More or less anything having to do with finding the best layout, optimization, or object relationships is graph theory. You may not immediately think of it as such, but regardless - you're using math!

An explicit example: I wrote a node-based shader editor and optimizer, which took a set of linked nodes and converted them into shader code. Finding the correct order to output the code in such that all inputs for a certain node were available before that node needed them involved graph theory.

And like others have said, anything having to do with graphics implicitly requires knowledge of linear algebra, coordinate spaces transformations, and plenty of other subtopics of mathematics. Take a look at any recent graphics whitepaper, especially those involving lighting. Integrals? Infinite series?! Graph theory? Node traversal optimization? Yep, all of these are commonly used in graphics.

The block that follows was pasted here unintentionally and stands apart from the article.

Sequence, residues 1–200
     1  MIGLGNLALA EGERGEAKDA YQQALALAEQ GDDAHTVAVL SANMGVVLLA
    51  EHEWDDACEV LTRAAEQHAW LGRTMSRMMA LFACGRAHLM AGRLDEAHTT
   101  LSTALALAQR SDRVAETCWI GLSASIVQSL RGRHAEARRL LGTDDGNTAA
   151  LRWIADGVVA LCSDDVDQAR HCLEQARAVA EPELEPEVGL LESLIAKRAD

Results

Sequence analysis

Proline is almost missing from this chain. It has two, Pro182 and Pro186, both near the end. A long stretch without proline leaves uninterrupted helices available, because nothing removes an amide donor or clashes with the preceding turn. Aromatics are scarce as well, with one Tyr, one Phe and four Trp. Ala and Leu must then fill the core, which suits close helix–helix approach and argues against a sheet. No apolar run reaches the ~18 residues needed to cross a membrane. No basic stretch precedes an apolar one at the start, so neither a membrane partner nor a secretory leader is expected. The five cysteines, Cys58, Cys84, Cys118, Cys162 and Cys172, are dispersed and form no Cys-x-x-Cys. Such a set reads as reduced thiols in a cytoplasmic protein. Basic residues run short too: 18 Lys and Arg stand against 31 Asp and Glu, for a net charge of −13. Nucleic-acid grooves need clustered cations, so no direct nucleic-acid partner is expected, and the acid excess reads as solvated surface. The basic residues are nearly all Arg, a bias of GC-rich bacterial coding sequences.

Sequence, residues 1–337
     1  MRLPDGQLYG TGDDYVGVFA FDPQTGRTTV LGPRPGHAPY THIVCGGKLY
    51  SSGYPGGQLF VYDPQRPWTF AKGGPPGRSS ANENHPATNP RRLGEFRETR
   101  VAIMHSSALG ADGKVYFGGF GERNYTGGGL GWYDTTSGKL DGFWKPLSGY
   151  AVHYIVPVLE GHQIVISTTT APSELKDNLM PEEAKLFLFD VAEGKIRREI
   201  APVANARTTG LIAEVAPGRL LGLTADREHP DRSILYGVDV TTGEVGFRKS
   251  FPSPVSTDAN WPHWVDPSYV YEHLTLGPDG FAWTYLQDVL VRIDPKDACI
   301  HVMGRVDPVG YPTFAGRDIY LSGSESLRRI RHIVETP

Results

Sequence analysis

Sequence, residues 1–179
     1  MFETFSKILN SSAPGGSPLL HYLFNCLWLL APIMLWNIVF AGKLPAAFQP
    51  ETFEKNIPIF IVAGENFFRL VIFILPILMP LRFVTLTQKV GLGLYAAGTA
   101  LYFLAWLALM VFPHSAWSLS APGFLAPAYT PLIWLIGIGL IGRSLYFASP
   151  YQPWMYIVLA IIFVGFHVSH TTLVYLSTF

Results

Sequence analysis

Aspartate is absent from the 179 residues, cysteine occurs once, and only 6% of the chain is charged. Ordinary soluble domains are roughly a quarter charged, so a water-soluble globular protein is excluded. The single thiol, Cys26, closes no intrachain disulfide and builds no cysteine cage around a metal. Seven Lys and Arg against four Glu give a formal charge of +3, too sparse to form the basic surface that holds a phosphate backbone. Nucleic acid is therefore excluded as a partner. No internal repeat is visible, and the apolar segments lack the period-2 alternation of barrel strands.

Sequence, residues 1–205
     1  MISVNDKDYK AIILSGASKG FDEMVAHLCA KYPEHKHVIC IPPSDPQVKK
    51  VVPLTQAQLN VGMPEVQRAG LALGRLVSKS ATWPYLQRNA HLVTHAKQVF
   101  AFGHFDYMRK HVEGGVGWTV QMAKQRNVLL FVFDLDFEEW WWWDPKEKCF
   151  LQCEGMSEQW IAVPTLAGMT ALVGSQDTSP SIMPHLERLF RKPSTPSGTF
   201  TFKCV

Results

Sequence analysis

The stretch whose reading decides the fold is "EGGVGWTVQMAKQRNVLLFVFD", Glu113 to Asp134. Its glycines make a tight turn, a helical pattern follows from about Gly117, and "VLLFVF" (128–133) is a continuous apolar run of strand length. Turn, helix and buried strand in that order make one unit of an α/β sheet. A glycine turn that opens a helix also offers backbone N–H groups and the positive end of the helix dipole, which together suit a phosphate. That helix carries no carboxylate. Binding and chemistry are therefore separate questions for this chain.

Also note that just because you don't *realize* that you're using some sort of mathematics when you're writing or designing software, doesn't mean that you aren't, and actually understanding the mathematics behind *how* and *why* algorithms and data structures work the way they do can often help you find elegant solutions to non-trivial problems.

Community-Wikiquestion, chances are that your question will be closed. – Bart Kiers Dec 9 '09 at 20:10isa prerequisite forskillfulprogramming. – Daniel Pryden Dec 9 '09 at 20:26